The aim of this study was to identify Salmonella serotypes infecting cattle in Pennsylvania, to compare infection rates for the predominant serotype, Salmonella enterica serotype Cerro, with the infection rates for the same serotype in humans, and to study the clonal diversity and antimicrobial resistance for this serotype in cattle from 2005 to 2010. Clonal diversity among the selected isolates was studied using pulsed-field gel electrophoresis (PFGE) and repetitive (rep)-polymerase chain reaction (PCR). Salmonella Cerro showed the single largest increase as a cause of cattle infections over the study period. The proportional distribution of Salmonella Cerro serotype among laboratory-submitted Salmonella positive cases in cattle was 36.1% in the year 2010 compared to 14.3% in 2005. A simultaneous decrease in serotype Newport infections was also observed in cattle (25% in 2005, to 10.1% in 2010). Studies of clonal diversity for cattle and human isolates revealed a predominant PFGE type but showed some variability. All tested isolates (n=60) were susceptible to sulfamethoxazole-trimethoprim, but 2% of cattle isolates (n=1/50) and 20% of human isolates (n=2/10) showed resistance to tetracycline and sulfisoxazole. One human isolate showed additional resistance to ampicillin and gentamicin. This study suggests an increase in Salmonella Cerro infections in the cattle population and a decrease in Salmonella Newport infections. The increase in Cerro infections appears to be restricted to the cattle population, but occasional human infections occur. © Copyright 2012, Mary Ann Liebert, Inc. 2012.


PubMed | B.W. Furlong & Associates, Pennsylvania Veterinary Laboratory, University of Pennsylvania, Cornell University and Henderson Veterinary Associates
Type: Journal Article | Journal: Journal of veterinary internal medicine | Year: 2016

Equine neuroborreliosis (NB), Lyme disease, is difficult to diagnose and has limited description in the literature.Provide a detailed description of clinical signs, diagnostic, and pathologic findings of horses with NB.Sixteen horses with histologically confirmed NB.Retrospective review of medical records at the University of Pennsylvania and via an ACVIM listserv query with inclusion criteria requiring possible exposure to Borrelia burgdorferi and histologic findings consistent with previous reports of NB without evidence of other disease.Sixteen horses were identified, 12 of which had additional evidence of NB. Clinical signs were variable including muscle atrophy or weight loss (12), cranial nerve deficits (11), ataxia (10), changes in behavior (9), dysphagia (7), fasciculations (6), neck stiffness (6), episodic respiratory distress (5), uveitis (5), fever (2), joint effusion (2), and cardiac arrhythmias (1). Serologic analysis was positive for B. burgdorferi infection in 6/13 cases tested. CSF abnormalities were present in 8/13 cases tested, including xanthochromia (4/13), increased total protein (5/13; median: 91 mg/dL, range: 25-219 mg/dL), and a neutrophilic (6/13) or lymphocytic (2/13) pleocytosis (median: 25 nucleated cells/L, range: 0-922 nucleated cells/L). PCR on CSF for B. burgdorferi was negative in the 7 cases that were tested.Diagnosis of equine NB is challenging due to variable clinical presentation and lack of sensitive and specific diagnostic tests. Negative serology and normal CSF analysis do not exclude the diagnosis of NB.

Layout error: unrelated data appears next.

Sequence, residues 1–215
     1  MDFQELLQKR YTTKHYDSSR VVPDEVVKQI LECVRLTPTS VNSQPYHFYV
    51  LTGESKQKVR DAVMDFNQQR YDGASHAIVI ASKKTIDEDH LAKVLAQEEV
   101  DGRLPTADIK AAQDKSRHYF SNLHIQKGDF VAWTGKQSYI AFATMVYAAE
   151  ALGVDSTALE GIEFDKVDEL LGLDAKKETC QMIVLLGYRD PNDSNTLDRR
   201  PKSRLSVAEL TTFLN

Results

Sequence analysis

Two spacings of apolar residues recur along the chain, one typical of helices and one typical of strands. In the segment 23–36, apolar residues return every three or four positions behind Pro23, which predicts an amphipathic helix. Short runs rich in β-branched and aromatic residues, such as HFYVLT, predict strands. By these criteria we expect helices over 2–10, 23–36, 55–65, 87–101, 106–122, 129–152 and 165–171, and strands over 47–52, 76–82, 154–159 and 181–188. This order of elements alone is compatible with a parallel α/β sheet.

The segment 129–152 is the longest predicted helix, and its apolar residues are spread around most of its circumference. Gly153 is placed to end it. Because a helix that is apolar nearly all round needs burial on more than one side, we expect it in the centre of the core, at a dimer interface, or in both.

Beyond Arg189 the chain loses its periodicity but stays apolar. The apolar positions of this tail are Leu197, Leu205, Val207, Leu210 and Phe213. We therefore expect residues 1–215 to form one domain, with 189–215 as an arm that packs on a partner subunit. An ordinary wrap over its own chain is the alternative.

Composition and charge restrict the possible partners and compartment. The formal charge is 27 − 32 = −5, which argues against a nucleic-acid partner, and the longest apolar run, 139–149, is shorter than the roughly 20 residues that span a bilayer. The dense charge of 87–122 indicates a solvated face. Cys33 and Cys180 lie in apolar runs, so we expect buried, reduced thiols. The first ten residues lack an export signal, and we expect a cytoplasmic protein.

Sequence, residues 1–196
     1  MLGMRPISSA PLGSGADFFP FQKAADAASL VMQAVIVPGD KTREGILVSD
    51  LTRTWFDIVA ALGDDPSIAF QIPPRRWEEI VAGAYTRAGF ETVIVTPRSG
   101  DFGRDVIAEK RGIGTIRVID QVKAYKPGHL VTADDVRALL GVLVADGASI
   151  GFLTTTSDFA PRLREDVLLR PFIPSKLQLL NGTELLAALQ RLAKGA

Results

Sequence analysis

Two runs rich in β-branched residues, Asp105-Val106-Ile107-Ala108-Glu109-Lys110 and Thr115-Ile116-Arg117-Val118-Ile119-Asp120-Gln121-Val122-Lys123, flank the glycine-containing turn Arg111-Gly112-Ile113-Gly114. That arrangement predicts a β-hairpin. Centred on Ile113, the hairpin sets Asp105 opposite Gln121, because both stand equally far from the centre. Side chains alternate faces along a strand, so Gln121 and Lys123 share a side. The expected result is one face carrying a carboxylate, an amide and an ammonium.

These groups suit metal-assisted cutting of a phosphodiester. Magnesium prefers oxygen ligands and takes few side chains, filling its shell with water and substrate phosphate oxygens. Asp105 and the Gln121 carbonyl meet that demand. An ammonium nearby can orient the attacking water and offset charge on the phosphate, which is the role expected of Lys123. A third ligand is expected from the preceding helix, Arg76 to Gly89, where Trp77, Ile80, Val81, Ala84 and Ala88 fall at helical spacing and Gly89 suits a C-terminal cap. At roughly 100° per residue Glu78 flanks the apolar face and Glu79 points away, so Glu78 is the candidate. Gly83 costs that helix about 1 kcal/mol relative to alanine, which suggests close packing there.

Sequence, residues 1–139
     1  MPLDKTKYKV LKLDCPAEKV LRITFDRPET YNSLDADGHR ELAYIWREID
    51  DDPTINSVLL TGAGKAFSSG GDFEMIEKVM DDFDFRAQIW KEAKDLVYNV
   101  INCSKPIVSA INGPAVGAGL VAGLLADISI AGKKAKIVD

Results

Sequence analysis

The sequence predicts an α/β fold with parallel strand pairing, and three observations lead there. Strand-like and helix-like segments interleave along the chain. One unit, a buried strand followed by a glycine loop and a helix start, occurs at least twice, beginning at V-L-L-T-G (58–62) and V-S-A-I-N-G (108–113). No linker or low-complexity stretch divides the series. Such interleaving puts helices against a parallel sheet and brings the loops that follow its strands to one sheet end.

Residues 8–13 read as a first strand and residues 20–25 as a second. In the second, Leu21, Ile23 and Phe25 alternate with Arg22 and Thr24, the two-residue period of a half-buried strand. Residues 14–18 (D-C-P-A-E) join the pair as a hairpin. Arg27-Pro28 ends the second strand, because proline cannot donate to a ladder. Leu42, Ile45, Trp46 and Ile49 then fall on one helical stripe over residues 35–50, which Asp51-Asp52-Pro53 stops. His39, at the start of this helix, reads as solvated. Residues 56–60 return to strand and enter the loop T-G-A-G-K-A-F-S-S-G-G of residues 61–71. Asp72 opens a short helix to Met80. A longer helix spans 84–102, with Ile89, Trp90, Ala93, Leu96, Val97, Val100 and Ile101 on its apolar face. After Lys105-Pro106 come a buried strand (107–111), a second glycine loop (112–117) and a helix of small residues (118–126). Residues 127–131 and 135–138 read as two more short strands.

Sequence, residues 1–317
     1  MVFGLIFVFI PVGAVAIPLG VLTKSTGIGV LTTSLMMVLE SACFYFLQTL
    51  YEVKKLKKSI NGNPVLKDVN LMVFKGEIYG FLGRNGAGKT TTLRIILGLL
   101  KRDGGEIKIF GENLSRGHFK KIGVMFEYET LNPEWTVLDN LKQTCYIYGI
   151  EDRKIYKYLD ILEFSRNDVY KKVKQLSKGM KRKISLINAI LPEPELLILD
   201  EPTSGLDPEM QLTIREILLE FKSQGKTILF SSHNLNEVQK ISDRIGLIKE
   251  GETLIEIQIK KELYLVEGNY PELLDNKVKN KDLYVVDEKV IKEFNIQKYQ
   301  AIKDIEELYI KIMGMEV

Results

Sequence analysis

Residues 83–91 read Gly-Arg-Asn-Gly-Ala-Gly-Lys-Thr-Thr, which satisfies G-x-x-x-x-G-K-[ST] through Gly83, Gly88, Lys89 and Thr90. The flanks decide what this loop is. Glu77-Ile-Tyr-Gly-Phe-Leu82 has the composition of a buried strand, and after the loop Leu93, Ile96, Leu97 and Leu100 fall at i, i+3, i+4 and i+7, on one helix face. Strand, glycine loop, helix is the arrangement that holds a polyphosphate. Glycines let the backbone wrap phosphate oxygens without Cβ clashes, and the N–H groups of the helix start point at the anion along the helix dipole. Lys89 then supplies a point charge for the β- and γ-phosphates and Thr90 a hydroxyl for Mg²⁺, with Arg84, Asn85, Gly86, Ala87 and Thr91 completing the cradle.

Khoo L.,University of Pennsylvania | Khoo L.,Mississippi State University | Rommel F.A.,Pennsylvania Veterinary Laboratory | Smith S.A.,Virginia Polytechnic Institute and State University | And 2 more authors.
Diseases of Aquatic Organisms | Year: 2010